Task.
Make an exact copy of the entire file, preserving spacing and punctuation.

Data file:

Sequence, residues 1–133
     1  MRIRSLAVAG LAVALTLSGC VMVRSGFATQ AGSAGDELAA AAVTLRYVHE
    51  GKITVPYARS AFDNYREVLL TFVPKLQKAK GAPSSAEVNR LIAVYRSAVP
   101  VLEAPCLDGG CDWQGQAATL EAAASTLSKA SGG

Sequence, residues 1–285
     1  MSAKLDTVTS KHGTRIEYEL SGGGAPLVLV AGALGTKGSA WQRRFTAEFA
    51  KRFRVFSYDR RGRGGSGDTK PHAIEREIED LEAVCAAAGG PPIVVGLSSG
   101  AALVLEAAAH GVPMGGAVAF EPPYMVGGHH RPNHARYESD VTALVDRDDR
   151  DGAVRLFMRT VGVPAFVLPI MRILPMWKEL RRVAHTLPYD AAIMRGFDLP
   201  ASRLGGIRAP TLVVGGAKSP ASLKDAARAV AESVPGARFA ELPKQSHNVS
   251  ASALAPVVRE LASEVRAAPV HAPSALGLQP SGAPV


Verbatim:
Sequence, residues 1–133
     1  MRIRSLAVAG LAVALTLSGC VMVRSGFATQ AGSAGDELAA AAVTLRYVHE
    51  GKITVPYARS AFDNYREVLL TFVPKLQKAK GAPSSAEVNR LIAVYRSAVP
   101  VLEAPCLDGG CDWQGQAATL EAAASTLSKA SGG

Sequence, residues 1–285
     1  MSAKLDTVTS KHGTRIEYEL SGGGAPLVLV AGALGTKGSA WQRRFTAEFA
    51  KRFRVFSYDR RGRGGSGDTK PHAIEREIED LEAVCAAAGG PPIVVGLSSG
   101  AALVLEAAAH GVPMGGAVAF EPPYMVGGHH RPNHARYESD VTALVDRDDR
   151  DGAVRLFMRT VGVPAFVLPI MRILPMWKEL RRVAHTLPYD AAIMRGFDLP
   201  ASRLGGIRAP TLVVGGAKSP ASLKDAARAV AESVPGARFA ELPKQSHNVS
   251  ASALAPVVRE LASEVRAAPV HAPSALGLQP SGAPV